Aware of the growing and visible opposition to the 1,700-mile Keystone Pipeline, much of it organized by writer Bill McKibben and his colleagues at 350.org, the White House today blinked. In a statement, the administration said it would evaluate a new pipeline route from Canada to the Gulf Coast, one that presumably takes it away from sensitive wetlands in Nebraska. Protests there have been so strong that even Nebraska’s Republican Governor Dave Heineman announced his opposition.
I’ve written extensively about tar sands and the Keystone Pipeline, which its proponents consider vital to the energy economy and security of the U.S. It is intended to transport oil from Alberta, Canada to refineries in the Midwest and Gulf Coast. Its opponents attacked the $6 billion proposal as a threat to wetlands and water (from leaks), a useless drain on economic activity designed to wean the nation from oil, and a threat to the climate because of all the greenhouse gases it will release during mining, processing, and use of tar sands-generated oil.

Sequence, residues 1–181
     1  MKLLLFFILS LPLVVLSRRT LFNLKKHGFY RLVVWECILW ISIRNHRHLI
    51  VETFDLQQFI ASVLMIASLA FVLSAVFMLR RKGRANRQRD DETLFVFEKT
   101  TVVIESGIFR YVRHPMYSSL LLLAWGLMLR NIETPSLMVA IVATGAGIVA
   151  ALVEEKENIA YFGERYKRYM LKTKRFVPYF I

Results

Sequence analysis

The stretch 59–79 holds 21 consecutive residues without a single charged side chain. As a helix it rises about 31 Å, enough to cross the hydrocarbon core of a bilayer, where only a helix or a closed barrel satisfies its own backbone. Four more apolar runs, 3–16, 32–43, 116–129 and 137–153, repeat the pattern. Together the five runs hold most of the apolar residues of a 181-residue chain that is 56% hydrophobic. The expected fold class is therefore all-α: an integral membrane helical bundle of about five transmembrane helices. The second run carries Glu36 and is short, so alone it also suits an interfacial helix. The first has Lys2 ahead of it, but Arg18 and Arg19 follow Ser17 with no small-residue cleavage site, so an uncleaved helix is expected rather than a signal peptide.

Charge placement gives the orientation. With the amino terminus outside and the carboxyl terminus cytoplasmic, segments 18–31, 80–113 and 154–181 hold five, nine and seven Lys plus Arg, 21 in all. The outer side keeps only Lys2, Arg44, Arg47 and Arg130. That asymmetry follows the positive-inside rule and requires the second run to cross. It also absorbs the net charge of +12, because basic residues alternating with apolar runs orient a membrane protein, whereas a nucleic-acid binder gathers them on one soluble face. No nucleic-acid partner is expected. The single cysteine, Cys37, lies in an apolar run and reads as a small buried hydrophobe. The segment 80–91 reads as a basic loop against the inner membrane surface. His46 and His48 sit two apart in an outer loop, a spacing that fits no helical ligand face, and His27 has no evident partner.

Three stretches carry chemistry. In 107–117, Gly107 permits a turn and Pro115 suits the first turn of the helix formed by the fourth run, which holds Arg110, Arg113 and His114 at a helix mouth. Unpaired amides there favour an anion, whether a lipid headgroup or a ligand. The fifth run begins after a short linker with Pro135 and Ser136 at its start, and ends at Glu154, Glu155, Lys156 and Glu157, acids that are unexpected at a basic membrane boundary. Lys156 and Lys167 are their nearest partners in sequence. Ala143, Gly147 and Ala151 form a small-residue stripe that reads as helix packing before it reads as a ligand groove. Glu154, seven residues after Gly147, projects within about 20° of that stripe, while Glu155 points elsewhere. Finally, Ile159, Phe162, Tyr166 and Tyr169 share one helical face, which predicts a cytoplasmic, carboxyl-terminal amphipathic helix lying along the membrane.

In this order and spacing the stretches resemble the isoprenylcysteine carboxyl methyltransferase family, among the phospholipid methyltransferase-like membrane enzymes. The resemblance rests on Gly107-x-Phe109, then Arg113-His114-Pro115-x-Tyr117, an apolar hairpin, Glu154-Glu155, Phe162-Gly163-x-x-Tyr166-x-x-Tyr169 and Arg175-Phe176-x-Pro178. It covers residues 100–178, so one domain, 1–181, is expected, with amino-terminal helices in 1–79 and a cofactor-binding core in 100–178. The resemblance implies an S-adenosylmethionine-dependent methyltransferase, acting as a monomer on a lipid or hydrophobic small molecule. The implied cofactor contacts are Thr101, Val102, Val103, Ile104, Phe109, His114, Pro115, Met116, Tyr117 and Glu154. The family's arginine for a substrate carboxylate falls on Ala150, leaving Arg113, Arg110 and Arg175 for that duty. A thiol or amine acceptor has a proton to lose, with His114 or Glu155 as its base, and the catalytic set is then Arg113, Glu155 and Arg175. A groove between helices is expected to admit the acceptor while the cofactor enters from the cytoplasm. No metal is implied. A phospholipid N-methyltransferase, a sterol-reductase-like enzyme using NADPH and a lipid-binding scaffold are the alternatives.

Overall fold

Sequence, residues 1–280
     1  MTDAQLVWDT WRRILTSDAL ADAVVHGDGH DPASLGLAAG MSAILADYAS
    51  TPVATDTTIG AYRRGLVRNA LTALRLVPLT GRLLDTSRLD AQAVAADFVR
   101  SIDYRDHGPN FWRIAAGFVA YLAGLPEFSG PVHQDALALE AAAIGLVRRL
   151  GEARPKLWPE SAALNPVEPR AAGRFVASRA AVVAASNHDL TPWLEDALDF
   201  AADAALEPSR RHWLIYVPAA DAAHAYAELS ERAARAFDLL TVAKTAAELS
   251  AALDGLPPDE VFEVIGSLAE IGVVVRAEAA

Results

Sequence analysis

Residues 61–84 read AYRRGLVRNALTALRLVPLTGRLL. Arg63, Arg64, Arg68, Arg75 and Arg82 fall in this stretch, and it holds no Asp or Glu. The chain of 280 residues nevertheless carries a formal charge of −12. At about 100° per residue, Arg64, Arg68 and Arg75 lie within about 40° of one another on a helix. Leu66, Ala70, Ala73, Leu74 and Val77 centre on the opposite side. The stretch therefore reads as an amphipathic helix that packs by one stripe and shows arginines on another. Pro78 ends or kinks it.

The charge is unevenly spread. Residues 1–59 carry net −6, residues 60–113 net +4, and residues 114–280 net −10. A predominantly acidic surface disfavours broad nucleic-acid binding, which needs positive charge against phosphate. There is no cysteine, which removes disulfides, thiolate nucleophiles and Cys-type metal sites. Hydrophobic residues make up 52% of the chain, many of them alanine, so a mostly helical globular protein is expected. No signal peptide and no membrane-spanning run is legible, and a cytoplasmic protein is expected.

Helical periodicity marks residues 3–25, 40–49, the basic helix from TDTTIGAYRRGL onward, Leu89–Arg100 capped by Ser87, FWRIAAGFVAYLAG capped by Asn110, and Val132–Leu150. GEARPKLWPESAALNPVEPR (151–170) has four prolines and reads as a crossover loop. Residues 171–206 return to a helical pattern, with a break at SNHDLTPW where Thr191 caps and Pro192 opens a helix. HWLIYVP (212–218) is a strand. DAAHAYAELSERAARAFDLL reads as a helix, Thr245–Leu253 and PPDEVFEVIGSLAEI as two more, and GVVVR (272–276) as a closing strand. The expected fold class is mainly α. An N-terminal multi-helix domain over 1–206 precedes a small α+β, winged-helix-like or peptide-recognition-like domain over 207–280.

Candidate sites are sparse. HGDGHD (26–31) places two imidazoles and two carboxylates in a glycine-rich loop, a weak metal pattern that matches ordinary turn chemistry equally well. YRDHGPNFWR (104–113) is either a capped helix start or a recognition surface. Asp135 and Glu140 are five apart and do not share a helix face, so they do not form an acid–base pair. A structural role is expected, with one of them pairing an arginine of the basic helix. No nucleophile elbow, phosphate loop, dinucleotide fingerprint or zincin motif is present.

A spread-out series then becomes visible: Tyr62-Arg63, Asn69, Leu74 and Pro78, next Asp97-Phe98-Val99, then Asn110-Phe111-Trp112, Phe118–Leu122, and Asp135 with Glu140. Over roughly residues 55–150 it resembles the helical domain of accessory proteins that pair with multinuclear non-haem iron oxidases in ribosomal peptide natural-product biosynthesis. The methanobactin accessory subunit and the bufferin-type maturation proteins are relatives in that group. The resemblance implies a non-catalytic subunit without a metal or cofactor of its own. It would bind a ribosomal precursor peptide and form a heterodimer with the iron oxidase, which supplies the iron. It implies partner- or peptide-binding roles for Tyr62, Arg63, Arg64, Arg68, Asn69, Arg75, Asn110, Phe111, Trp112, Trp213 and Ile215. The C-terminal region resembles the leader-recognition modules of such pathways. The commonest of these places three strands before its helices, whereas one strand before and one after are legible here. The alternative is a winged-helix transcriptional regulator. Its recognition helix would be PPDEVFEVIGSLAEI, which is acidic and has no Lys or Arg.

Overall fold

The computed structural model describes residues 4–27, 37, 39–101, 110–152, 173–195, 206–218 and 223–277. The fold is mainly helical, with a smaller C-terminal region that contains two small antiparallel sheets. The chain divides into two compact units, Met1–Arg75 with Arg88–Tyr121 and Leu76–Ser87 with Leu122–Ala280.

Next month I head out to the Pacific Northwest and northern Great Plains to report on several more big facets of this story — the fight over shipments of big equipment from Idaho and Montana to Alberta, and the expanding oil and gas fields of North Dakota. Make no mistake about what’s happening in American energy development. The United States is diligently perpetuating the drive-through fossil fuel economy. The struggle over building the Keystone Pipeline is a clear indication that Americans are paying attention to the consequences.
— Keith Schneider